Canadian Journal of Public Health

, Volume 96, Issue 4, pp 281–283 | Cite as

Legal Foundations for a National Public Health Agency in Canada

  • Nola M. Ries
  • Timothy Caulfield


This commentary addresses some of the key legal challenges associated with establishing a national public health agency in Canada. These include issues related to privacy and confidentiality of personal health information in the public health context, constraints on the jurisdiction and powers of a national agency, the need to respect individual rights and freedoms in an outbreak situation, and international cooperation in infectious disease control.

The authors are part of a research initiative, comprised of experts in law, public health policy and medicine, that is currently analyzing legal considerations that may influence the mandate of a national public health agency in regard to infectious disease activities. This article discusses critical issues raised at a meeting in August 2004 that brought the research team together with key federal and provincial policy-makers and members of the public health community.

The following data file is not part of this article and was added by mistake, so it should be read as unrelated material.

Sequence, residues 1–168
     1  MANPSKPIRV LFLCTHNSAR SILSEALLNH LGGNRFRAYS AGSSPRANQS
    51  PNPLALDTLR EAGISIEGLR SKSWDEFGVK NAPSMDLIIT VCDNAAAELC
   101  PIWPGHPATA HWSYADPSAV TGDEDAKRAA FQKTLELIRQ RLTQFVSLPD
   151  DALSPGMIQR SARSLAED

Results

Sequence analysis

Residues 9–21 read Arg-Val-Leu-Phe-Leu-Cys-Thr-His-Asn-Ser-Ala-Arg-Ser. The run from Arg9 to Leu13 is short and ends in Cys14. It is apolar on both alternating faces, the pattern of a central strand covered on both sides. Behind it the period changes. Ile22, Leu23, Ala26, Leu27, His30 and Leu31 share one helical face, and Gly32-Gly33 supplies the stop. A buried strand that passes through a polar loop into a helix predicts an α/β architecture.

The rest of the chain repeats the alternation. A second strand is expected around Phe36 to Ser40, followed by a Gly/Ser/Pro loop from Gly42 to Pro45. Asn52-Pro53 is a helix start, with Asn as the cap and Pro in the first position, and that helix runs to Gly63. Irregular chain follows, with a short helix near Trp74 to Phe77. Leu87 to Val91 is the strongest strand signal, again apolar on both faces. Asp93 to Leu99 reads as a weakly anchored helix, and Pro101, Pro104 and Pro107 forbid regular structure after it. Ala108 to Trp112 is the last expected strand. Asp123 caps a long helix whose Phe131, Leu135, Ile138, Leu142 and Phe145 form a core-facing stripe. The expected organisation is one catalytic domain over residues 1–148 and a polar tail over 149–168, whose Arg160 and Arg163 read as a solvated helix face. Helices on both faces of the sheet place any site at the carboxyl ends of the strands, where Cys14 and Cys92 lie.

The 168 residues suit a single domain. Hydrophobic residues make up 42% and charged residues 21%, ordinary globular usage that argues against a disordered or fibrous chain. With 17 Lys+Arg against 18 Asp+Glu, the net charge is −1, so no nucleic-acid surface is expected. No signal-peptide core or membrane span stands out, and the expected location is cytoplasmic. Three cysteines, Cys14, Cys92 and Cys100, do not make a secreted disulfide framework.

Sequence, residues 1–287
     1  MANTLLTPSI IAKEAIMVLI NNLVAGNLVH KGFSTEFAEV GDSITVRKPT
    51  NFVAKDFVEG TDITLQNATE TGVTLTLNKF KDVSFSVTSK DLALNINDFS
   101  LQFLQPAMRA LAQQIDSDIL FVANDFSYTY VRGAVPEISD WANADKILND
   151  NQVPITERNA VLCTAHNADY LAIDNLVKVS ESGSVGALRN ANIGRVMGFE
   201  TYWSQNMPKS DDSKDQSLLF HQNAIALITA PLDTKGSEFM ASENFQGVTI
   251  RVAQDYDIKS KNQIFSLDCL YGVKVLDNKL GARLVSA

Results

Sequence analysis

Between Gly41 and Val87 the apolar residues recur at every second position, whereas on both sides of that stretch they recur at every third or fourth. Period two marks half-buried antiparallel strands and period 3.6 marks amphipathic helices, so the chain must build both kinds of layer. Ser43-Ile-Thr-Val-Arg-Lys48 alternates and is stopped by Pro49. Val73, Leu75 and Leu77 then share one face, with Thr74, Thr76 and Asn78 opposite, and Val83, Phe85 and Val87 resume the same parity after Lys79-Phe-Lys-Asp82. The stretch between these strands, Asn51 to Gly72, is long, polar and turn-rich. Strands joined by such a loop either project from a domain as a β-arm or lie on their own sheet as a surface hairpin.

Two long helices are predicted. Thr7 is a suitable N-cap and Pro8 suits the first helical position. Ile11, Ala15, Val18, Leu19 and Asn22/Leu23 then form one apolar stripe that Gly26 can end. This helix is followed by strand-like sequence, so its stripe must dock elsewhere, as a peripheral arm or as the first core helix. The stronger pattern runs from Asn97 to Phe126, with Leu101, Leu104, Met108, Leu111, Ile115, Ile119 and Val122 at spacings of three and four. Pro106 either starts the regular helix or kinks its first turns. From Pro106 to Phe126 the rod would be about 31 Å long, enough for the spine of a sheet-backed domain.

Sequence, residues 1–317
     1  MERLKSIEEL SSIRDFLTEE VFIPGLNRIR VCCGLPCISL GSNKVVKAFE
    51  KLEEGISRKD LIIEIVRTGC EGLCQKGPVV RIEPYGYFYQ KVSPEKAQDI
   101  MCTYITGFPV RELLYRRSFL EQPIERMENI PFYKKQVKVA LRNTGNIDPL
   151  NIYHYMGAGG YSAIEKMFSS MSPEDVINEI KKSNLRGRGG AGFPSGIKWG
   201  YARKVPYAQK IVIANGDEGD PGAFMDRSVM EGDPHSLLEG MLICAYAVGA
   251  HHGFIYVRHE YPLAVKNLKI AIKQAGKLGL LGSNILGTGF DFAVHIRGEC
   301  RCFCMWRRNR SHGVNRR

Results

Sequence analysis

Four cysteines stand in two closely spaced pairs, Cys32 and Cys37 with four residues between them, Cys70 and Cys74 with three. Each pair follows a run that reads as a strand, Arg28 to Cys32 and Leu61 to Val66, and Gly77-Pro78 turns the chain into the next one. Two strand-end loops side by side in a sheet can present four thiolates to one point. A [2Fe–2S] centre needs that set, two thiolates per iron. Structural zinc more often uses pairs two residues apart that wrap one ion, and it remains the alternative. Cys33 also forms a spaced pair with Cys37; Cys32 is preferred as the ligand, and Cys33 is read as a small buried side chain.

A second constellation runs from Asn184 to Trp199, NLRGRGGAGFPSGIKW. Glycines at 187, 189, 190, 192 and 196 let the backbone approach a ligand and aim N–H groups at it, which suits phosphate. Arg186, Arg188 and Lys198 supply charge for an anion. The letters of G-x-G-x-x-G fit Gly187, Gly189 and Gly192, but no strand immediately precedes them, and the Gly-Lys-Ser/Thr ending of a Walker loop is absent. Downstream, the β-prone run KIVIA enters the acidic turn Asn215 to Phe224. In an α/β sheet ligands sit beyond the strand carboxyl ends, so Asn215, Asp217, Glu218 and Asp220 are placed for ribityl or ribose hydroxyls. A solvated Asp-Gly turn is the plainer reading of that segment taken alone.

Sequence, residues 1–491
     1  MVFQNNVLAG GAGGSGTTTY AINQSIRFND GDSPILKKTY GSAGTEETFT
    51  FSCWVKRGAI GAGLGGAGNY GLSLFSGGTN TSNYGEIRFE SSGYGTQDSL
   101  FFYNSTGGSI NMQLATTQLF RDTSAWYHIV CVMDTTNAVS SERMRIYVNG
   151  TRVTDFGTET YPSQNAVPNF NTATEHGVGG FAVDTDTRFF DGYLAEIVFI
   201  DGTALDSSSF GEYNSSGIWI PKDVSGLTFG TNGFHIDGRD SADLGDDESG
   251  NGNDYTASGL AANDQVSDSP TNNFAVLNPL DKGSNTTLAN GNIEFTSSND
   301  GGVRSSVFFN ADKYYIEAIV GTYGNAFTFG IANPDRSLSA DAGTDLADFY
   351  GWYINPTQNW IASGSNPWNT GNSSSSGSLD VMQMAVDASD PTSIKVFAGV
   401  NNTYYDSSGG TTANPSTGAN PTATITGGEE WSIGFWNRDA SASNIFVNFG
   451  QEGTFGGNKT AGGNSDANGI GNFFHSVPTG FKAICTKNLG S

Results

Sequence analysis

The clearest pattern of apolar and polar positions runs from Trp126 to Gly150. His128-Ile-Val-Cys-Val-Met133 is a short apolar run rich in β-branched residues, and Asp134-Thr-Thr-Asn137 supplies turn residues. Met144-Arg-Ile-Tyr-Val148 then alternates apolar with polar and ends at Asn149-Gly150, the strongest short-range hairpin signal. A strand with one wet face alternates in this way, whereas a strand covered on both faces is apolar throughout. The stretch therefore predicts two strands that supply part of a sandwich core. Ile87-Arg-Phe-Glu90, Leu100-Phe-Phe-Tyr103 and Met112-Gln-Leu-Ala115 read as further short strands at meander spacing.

The commentary emphasizes that law sets the foundation for public health activities, and the promise of a national public health agency will only be realized if significant legal issues are examined early on to ensure the agency is built on a robust legal and policy framework.

MeSH terms

Jurisprudence communicable disease control organization and administration 


Ce commentaire porte sur certains des principaux défis juridiques associés à la création d’une agence nationale de santé publique au Canada: la protection des renseignements personnels et de la confidentialité des dossiers médicaux dans un contexte de santé publique, les contraintes liées aux compétences et aux pouvoirs d’une agence nationale, la nécessité de respecter les droits et libertés individuels en cas d’épidémie, et la coopération internationale dans la lutte contre les maladies infectieuses.